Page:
Never underestimate the power of humiliation. Never doubt the effect that it can have on a team”s psyche. Never think you”re better than you are.

Paul Wong
Jon Schwartz<br><br>The Schwartz Authority

This is what I was thinking at about 9:30 p.m. Friday night. Sitting in the Yost Ice Arena stands, I watched Dwight Helminen score Michigan”s fifth goal of the night and realized that Michigan”s success in the first game of the two-game series with Alaska-Fairbanks might hurt it in the second.

My fears were compounded about a minute later when Jed Ortmeyer made it 6-0.

Ortmeyer would score again, ending a joke of a hockey game at 7-0. But the Nanooks got the last laugh, taking a 3-1 decision from Michigan on Saturday night.

Haven”t we seen this before?

It happened against Fairbanks last year, when Michigan won 8-0 on Friday night only to lose 5-2 Saturday. Michigan beat Notre Dame 9-0 in the teams” first meeting last year. The two teams tied 4-4 the next time out.

To win a game 2-0 demonstrates a defensive prowess that most teams envy. It shows an opponent”s complete inability to touch your team. In 60 minutes, they didn”t put the puck in the net once. Not even once, by accident.

Similarly, an 8-6 win shows a remarkable ability to light the lamp. To score eight goals in one game means that your opponent”s defense is so out of whack that a few of your scores were probably flukes.

Still, a team that gives up just two goals will usually win, as will a team that scores six.

But to lose 8-0, or 9-0 or 7-0 shows a complete inability to compete. Not only could your team not score, but it also let the opponent take it behind the woodshed, giving up a goal every eight minutes or so.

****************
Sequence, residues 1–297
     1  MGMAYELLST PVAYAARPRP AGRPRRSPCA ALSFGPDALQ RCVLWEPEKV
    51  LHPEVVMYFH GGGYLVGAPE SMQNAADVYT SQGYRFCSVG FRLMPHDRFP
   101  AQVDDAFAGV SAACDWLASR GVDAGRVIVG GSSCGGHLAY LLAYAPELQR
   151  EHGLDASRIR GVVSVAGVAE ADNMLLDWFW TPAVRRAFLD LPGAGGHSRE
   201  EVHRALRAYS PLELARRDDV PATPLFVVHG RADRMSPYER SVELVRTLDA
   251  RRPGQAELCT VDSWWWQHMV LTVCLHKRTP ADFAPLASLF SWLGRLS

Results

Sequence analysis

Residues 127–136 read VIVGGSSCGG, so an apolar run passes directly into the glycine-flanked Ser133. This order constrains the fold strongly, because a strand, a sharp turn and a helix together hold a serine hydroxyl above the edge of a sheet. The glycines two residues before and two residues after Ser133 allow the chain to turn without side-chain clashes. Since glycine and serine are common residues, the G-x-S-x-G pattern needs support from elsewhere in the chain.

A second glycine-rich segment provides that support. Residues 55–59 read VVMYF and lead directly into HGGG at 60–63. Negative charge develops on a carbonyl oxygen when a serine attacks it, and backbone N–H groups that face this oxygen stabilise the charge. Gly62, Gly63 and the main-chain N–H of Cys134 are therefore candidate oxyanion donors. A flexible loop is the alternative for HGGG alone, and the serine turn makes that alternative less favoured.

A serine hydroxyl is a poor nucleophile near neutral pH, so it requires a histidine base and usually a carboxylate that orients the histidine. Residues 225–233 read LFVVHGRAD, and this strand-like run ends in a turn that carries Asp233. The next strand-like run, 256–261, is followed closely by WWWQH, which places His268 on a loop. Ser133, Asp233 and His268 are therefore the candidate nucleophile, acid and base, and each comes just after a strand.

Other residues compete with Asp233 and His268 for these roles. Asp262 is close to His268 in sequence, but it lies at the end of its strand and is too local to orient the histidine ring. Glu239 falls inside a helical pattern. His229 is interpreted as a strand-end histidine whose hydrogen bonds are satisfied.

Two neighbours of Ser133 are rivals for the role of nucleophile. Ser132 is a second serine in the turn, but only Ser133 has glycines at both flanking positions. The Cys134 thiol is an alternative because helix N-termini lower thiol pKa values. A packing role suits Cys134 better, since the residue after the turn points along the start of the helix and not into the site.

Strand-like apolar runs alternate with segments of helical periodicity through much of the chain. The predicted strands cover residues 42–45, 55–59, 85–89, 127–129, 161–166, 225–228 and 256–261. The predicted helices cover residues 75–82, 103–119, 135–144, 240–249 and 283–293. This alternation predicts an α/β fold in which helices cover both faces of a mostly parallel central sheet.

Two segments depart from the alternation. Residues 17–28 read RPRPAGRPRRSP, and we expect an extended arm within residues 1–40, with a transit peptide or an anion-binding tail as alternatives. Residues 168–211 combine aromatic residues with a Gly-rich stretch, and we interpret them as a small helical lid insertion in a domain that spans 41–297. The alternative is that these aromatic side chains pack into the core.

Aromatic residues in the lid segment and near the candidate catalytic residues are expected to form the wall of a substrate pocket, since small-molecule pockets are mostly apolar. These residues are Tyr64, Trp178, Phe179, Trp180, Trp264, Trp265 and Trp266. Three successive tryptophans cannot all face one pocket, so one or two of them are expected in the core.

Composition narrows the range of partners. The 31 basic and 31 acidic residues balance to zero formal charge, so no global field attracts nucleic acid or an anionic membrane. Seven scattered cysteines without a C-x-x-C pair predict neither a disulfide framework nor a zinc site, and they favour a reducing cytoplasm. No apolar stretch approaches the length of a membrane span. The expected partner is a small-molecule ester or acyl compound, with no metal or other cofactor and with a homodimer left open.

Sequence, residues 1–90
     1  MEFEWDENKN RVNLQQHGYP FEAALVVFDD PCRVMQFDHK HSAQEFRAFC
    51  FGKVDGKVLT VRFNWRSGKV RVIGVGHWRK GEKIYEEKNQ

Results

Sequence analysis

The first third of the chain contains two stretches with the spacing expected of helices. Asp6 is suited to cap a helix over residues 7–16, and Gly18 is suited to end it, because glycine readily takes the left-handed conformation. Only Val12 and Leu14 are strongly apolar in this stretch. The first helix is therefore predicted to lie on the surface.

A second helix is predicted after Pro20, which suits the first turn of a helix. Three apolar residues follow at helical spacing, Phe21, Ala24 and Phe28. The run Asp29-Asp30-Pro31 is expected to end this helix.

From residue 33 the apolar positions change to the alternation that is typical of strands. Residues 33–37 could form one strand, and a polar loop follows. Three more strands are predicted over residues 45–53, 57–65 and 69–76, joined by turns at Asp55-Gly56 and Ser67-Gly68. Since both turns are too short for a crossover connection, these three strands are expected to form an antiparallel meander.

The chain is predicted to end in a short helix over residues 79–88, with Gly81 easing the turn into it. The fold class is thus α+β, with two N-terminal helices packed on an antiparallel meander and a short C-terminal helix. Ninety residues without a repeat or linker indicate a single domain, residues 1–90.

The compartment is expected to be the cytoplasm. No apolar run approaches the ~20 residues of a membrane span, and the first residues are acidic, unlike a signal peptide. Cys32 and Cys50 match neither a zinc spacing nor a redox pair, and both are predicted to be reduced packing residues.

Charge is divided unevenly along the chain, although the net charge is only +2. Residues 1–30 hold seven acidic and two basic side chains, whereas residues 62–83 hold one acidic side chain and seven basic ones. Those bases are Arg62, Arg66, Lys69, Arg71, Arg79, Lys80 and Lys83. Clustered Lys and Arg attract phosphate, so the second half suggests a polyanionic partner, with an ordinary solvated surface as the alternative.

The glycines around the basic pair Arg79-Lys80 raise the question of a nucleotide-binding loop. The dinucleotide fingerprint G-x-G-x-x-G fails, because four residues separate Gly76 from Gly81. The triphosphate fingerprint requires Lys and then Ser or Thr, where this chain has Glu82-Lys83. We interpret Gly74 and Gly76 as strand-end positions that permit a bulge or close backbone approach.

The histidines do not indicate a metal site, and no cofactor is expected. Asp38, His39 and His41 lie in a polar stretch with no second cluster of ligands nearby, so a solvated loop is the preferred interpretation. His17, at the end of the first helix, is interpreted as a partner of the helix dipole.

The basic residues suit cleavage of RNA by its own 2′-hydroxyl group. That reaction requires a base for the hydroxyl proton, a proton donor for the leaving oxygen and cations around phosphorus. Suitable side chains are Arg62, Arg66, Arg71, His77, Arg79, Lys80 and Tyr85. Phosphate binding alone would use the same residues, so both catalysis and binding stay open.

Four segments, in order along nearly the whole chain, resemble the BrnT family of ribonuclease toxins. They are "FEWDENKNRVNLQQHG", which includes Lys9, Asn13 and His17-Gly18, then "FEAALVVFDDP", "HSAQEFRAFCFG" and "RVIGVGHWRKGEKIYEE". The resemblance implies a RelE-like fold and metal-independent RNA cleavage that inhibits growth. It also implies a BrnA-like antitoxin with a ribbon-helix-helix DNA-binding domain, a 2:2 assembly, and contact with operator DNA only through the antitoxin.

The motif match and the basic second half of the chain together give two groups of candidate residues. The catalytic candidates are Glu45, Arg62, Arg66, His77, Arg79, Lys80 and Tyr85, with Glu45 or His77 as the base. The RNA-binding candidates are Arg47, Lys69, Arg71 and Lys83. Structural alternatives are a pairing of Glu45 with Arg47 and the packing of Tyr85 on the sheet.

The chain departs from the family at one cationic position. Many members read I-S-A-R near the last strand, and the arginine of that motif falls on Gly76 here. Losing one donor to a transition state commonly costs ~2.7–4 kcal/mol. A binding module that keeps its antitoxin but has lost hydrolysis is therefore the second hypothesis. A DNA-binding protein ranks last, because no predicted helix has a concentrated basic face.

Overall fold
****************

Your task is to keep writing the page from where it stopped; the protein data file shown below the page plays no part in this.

Humiliation has gone a long way for Alaska-Fairbanks so far this season. The team that was picked to finish last in the conference preseason poll was ranked No. 14 in the nation coming into this Michigan series.

No, the Nanooks don”t shy away from competition or pressure. Rather, they see it as chance to prove something else to the world an opportunity to ascend even higher, despite the fact that their heights will forever be below college hockey”s radar.

I wasn”t in Fairbanks” lockerroom after Friday night”s game, so I can”t possibly know what was said. But the vision in my head is of a lot of down heads until one player I”m not sure who stood up and let his teammates know that they could not allow themselves to be pushed around anymore.

And upstairs in Michigan”s lockerroom, I see that team telling itself not to take the Nanooks lightly the next night. But let”s be serious. When you beat a team 7-0, you”re just not going to take them seriously the next night.

If what happened had been an anomaly, it would be easy to discount it. So Michigan lost a game. It happens.

But since the start of last season, Michigan has three times scored seven or more goals on a Friday night. Each time, it”s lost the next night.

Any coach would ream out a player who, after winning a game decisively, talked trash to the opponent. Michigan is famous for holding post-game press conferences at which nothing remotely newsworthy is said, because the coaches are terrified of saying something that gives the opponent any extra motivation.

In my mind, demolishing a team on the ice is no different than telling the media what you really think about your opponent. With 10 minutes left Friday night, the Nanooks were so demoralized they couldn”t beat five students on the ice and a Deker in goal. But Michigan still poured on two more goals.

I”m not going to say that Michigan should stop playing after it scores five goals. That”s stupid you need to go all out.

But if you”re going to give it everything, you need to do it every time out. If you”re brash enough to kick a team while its down, which Michigan surely did Friday night, you”d better be ready to face the cavalry Saturday night.

Jon Schwartz can be reached at jlsz@umich.edu.

Leave a comment

Your email address will not be published. Required fields are marked *